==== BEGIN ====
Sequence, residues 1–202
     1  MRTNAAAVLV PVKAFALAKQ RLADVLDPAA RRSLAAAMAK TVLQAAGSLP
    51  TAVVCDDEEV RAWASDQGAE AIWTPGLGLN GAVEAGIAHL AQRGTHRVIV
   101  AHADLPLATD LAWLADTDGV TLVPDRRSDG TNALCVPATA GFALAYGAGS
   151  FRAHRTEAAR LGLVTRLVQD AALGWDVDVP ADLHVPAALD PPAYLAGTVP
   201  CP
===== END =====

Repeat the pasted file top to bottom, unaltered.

Sequence, residues 1–202
     1  MRTNAAAVLV PVKAFALAKQ RLADVLDPAA RRSLAAAMAK TVLQAAGSLP
    51  TAVVCDDEEV RAWASDQGAE AIWTPGLGLN GAVEAGIAHL AQRGTHRVIV
   101  AHADLPLATD LAWLADTDGV TLVPDRRSDG TNALCVPATA GFALAYGAGS
   151  FRAHRTEAAR LGLVTRLVQD AALGWDVDVP ADLHVPAALD PPAYLAGTVP
   201  CP